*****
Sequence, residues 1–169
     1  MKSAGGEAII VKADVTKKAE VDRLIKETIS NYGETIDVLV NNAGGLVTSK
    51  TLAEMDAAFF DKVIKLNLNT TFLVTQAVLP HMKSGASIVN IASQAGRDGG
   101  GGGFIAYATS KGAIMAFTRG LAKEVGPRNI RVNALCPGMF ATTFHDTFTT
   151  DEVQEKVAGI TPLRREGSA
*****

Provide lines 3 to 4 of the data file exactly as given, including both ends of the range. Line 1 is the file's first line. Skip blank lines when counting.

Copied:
    51  TLAEMDAAFF DKVIKLNLNT TFLVTQAVLP HMKSGASIVN IASQAGRDGG
   101  GGGFIAYATS KGAIMAFTRG LAKEVGPRNI RVNALCPGMF ATTFHDTFTT